Students, parents, and members of the community should be looking forward to the future of education in the Cayman Islands given the energy and enthusiasm of his year’s National Education Conference held Friday.
Perhaps the leap year timing or the positive ring of the theme, Building Excellence Together had the 700-plus in attendance full of good humour for the day-long affair held at Mary Miller Hall, the Lighthouse School and Red Bay Primary.
‘I’m certainly not surprised, but definitely pleased with the level of professionalism I have witnessed today,’ said Chief Education Officer Shirley Wahler later.
‘We can’t have excellence without a concerted effort; a concerted effort to embrace excellence – this was well in evidence at this year’s conference.’
Kicked off with an elegant evening social, the conference opening proceedings the next day featured remarks from Leader of Government Business Kurt Tibbetts, Education Minister Alden McLaughlin and Ministry of Education Chief Officer Angela Martins.
Keynote speaker Elaine Foster Allen, principal of Shortwood Teachers’ College, Jamaica, whose 30 years in education have spanned an array of positions and strengthened her expertise on education, gender, race and faith issues captivated the crowd with her motivational comments on teaching in a Caribbean context. Her talk on engaging the individual and encouraging teachers to look to their own strengths to contribute to the educated Caymanian, sprinkled with local references and high on energy, was just the ticket to kick off the day’s workshop sessions.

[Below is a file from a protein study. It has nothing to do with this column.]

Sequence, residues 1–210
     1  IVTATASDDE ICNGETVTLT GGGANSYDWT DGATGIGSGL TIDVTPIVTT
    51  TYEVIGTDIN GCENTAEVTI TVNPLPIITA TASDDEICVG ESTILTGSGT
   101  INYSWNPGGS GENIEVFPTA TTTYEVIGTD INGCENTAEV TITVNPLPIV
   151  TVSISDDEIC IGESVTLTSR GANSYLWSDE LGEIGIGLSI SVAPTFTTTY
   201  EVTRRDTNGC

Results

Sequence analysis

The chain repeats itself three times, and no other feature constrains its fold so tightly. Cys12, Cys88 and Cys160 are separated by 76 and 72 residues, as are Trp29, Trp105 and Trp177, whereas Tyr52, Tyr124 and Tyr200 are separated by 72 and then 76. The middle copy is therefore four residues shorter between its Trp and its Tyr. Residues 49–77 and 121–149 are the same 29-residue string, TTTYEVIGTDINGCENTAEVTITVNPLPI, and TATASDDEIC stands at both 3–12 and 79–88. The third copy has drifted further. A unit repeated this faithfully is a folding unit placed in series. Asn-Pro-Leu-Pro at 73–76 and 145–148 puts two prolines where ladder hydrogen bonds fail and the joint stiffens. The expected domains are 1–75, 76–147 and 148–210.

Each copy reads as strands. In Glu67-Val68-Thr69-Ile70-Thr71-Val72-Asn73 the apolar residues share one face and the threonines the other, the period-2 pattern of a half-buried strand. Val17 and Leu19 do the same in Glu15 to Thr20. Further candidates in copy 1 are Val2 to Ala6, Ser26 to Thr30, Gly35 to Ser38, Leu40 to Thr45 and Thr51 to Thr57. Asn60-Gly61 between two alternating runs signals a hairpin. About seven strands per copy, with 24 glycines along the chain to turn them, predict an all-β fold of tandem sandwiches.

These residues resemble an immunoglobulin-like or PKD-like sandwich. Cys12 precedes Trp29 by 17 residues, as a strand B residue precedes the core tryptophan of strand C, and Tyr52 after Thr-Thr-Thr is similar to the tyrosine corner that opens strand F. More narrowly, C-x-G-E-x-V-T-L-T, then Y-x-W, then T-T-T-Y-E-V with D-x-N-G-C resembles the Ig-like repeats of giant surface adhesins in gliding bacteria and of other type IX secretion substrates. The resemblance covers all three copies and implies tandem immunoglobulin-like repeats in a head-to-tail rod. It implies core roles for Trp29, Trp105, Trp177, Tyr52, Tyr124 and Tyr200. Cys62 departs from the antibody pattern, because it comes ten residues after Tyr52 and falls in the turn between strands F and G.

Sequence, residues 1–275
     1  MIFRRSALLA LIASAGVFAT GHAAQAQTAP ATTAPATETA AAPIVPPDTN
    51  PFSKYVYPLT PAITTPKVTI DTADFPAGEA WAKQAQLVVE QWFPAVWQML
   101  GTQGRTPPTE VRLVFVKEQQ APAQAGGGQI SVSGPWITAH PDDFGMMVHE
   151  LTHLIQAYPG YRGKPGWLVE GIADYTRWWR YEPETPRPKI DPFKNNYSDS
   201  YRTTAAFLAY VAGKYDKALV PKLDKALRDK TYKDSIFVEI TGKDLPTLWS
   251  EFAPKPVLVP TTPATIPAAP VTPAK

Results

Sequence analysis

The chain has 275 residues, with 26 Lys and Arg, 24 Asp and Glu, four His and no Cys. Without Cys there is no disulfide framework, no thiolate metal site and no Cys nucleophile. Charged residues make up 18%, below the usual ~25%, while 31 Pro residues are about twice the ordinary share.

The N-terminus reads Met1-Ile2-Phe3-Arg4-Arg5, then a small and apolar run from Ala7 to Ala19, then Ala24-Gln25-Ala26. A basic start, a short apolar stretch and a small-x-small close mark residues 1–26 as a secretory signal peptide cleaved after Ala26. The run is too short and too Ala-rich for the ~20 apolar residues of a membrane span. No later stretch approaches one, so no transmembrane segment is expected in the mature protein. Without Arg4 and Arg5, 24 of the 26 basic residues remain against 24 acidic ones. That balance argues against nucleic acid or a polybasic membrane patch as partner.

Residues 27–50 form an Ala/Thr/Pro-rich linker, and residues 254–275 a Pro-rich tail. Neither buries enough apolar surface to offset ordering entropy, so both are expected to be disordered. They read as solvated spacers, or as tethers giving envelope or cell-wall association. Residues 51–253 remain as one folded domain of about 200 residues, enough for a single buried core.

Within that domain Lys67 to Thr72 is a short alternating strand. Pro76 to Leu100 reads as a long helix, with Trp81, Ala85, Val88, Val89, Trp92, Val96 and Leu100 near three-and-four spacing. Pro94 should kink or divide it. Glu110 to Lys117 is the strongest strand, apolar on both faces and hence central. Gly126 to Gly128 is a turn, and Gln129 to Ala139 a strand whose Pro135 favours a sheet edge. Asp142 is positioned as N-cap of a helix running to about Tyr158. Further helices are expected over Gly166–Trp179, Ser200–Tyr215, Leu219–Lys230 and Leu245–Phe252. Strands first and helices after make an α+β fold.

For the first time, teachers then had the opportunity to choose three workshops from a selection of over 20 on offer as a way to further their knowledge and understanding of issues that were of particular interest to them. Topics ranged from such diverse subjects as understanding autism, stress management, classroom management techniques, and discipline.
Once again this year, Professor Stephen Heppel, one of the main contributors to the complete overhaul of Cayman’s education system over the past two years, presented a talk on 21st Century education. He explored the successful, and not-so-successful innovative and experimental educational thinking that is taking place in various parts of the world.
Using a broad range of interesting examples of innovative teaching and student-led projects, Professor Heppel emphasised the need for more flexibility in engaging students at the right level, urging teachers to expect more from their pupils, understanding that lack of ability in one area might merely be hiding an outstanding aptitude in another.
‘The trend is moving away from uniform, compliant, predictable, punctual, persevering students who emerge from their schooling cheap to employ, to creative, ingenious, surprising, engaged, inspired students who are valuable to employ,’ said Mr. Heppel.
Taking another angle on what to do with students who don’t fit the conventional mould, Mrs. Foster-Allen led an engaging discussion on inclusive education, exploring the issues surrounding integrating students with special needs.
‘When we are talking about inclusive education these days, race, class, sexuality, poverty, and unemployment are also part of the discussion along with traditional factors such as special education needs, low attainment, disability and deviance,’ said Mrs. Foster-Allen.
Teachers were able to voice their thoughts on the difficulties and benefits of integrating special needs students into the classroom. As an outcome of the workshop, they then submitted written suggestions and concerns to Education Department policy-makers for consideration, an opportunity much appreciated by those in attendance.
During the wrap-up proceedings, the Minister commented that positive responses from the public are giving him hope the Ministry and the education system are now well on their way to cementing the important role education plays in creating a successful Cayman.
‘Cayman must be recognised as a centre for learning excellence, and I look forward to the day when we get to a point where everyone believes in the critical importance of learning.’